Businesses usually have some analysts around, even if the business is not particularly “data-driven”.
The term Business Analyst has been around for a while, usually referring to a person who is a translator of sorts between Business Units and IT. These people try to make sure “requirements” from the business side are implemented as desired on the IT side.
Sometimes there are Operational Analysts, who are typically IT folks or Engineers, depending on the business. This is the world of Six Sigma and process, where the business is trying to improve throughput or cut down on waste. But we know that just because Operations is Operating Just Fine, we don’t always get the result we would like from a Marketing perspective.
A similar Analyst might be present in Marketing Operations Management. This is really about the process of Marketing execution though, not Acquisition / Retention / Customer Value.
I don’t think I have ever seen a decent-sized business without Financial Analysts. These folks look for variances or unusual activity in Financial Reporting and seek to explain why. Sometimes they actually get involved with Marketing analysis, though usually not for something like “Campaigns”. Instead, they look for structural problems that manifest as a “problem with Marketing” in the Financial systems.
As a Marketing person, these are the analysts you have to be aware of and build relationships with, because they can really cause you a lot of pain if you’re not paying attention.
For example, let’s say you are spending money to generate subscriptions and these subs have a very high cancel rate. You may not see these cancels but they are easy to spot in the Financial systems. A Financial analyst is simply going to ask, why? Maybe you have a reason to do what on the surface looks like a complete waste of money. But the question will be asked.
Or, let’s say a Financial analyst finds a product with a very high return rate, and questions why the product should even be offered. From the buyer the analyst learns this product is often featured in Marketing promotions, because “the response rate is so high”. Hmm. Again, maybe you have a reason to be reckless with demand generation. But the question will be asked.
Another example is Service Load. Let’s say on average, the company experiences 1 customer service interaction for every 5 monetary transactions processed. Now comes your campaign, and the Service load generated is 1 customer service interactions for every 2.5 monetary transactions processed – double the average rate. A stat like that is a classic bell-ringer for a Financial Analyst, and the question will be asked – why?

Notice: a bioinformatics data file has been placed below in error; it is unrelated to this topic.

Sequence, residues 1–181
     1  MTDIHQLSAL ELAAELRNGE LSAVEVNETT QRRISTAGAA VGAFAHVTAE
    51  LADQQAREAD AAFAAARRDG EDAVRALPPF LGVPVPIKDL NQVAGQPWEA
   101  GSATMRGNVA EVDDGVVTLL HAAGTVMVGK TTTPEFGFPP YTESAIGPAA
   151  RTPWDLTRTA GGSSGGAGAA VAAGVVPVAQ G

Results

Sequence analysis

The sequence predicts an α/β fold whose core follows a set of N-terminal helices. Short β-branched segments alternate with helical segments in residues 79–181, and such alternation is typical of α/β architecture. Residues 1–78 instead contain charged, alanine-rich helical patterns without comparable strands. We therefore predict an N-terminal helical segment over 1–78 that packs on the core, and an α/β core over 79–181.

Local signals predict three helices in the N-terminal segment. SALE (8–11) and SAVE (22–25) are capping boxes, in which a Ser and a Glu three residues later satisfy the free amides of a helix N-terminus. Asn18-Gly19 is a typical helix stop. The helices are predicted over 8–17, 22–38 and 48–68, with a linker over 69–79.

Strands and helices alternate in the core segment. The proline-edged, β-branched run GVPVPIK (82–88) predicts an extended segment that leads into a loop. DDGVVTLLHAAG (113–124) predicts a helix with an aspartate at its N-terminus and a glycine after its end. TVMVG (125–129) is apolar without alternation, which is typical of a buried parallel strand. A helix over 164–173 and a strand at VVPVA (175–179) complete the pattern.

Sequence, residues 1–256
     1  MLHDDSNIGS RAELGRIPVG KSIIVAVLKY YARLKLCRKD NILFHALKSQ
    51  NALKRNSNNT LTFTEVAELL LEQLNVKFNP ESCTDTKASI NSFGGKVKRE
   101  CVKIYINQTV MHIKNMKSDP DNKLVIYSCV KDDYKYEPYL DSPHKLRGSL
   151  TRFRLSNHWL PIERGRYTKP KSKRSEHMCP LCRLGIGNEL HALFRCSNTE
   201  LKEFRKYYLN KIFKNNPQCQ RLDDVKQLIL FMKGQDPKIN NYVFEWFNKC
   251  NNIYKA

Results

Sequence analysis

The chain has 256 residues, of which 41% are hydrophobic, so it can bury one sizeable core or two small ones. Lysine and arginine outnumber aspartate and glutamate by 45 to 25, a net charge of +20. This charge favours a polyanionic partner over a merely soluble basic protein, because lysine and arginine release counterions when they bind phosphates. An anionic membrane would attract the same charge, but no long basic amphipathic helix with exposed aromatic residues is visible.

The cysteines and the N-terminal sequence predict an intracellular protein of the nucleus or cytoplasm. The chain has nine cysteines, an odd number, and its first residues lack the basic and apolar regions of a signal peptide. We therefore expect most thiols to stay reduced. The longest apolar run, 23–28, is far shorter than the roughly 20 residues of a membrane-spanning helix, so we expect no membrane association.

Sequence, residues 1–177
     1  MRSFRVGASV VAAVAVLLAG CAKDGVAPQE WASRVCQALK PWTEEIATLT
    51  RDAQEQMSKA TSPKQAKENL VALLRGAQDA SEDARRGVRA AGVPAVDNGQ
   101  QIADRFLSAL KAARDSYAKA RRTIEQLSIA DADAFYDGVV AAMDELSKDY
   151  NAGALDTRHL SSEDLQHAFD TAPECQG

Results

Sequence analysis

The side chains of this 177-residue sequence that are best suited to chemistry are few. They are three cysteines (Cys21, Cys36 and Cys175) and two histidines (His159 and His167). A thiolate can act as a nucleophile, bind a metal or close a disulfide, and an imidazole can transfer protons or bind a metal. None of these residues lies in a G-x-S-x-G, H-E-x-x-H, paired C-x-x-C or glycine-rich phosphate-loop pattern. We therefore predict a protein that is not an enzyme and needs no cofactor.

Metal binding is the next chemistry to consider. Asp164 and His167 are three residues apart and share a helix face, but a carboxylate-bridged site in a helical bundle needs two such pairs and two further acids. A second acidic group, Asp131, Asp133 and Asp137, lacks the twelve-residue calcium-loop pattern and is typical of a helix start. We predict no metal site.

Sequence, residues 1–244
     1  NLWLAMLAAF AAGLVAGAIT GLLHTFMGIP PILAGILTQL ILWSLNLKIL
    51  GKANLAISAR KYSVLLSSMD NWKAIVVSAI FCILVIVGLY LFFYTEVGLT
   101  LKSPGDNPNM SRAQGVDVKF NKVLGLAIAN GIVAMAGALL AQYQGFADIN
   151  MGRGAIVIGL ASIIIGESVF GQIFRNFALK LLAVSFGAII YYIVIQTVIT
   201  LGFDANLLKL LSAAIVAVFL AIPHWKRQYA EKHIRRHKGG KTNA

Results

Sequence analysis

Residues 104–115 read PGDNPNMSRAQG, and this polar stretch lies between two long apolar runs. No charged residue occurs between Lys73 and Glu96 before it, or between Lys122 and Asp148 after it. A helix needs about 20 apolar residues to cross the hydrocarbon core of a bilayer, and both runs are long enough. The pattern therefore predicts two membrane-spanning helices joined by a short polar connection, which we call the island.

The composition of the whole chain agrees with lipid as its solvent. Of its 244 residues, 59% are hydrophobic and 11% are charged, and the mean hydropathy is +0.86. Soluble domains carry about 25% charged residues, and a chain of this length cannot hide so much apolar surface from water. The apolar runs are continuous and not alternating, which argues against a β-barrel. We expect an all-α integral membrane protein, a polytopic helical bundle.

At some point, as the level of attention a company pays to analysis continues to grow, these kinds of issues will start to pop up a lot. Management starts to question the value of all the “front end” analysis coming from Marketing out of web sites and other demand systems, because “response” is only half (or maybe a third) of the Financial story.
And they can prove it.
It ends up the real story is often in the back end. What is the result “Net Net”, after all the dust has settled? “Net Net” is typically about 90 days out from the initial transaction (unless you run a 6 month trial or similar idea), to allow for the various types of slippage that can occur in the final results – posting delays, credit card cycles, returns processing, and so forth.
Here’s an old direct marketing truism: for any two similar campaigns, the one with the higher response rate likely generates the lower quality customer. “Low quality” in this case means (relative to the other campaign) high return rates, high cancel rates, high levels of Service Load, etc.
So if you are Optimizing purely against response, you may be shooting your company (and yourself) in the foot.
A Marketing Productivity Analyst, who likely would be a former Financial Analyst, could be an investment that would really be worth your time and effort, on several different levels.
Here is the fundamental issue.
All of the above “Low Quality Customer” issues – high return rates, high cancel rates, high levels of Service Load – are typically not really “Customer” problems. Low Quality Customers are the end result, not the Root Cause. The Root Cause usually lies somewhere in Marketing, Product, or Service.
And nobody is responsible for addressing these problems proactively, before they become large enough to cause Financial pain or even Social pain. So how about you, Marketer or Marketing Analyst?
Is there any other silo where these issues potentially have a greater negative impact on true Net Financial performance? Think about it.
Customer Service is reactive, they respond. It’s not their job to be proactive, they take care of problems after occurence. Further, does it make sense to continue generating problems they have to respond to?
Financial Analysts are also reactive, and typically work on much longer time frames. In other words, by the time a Financial Analyst discovers a problem in Marketing, Product, or Service it’s probably a big problem. And a big problem in Marketing, Product, or Service is a problem that undoubtedly has been released already to the Social / PR world.
Which in the end, just makes the Marketing job much more difficult, doesn’t it? Doing battle with negative buzz in every campaign?
What is needed is a cross-silo analyst (like Financial Analysts typically are) with a shoter-term, more focused perspective (like Web Analysts typically have). A cross-breed, bridging this open gap in the system.
If you’re not going to take this proactive stance, who will?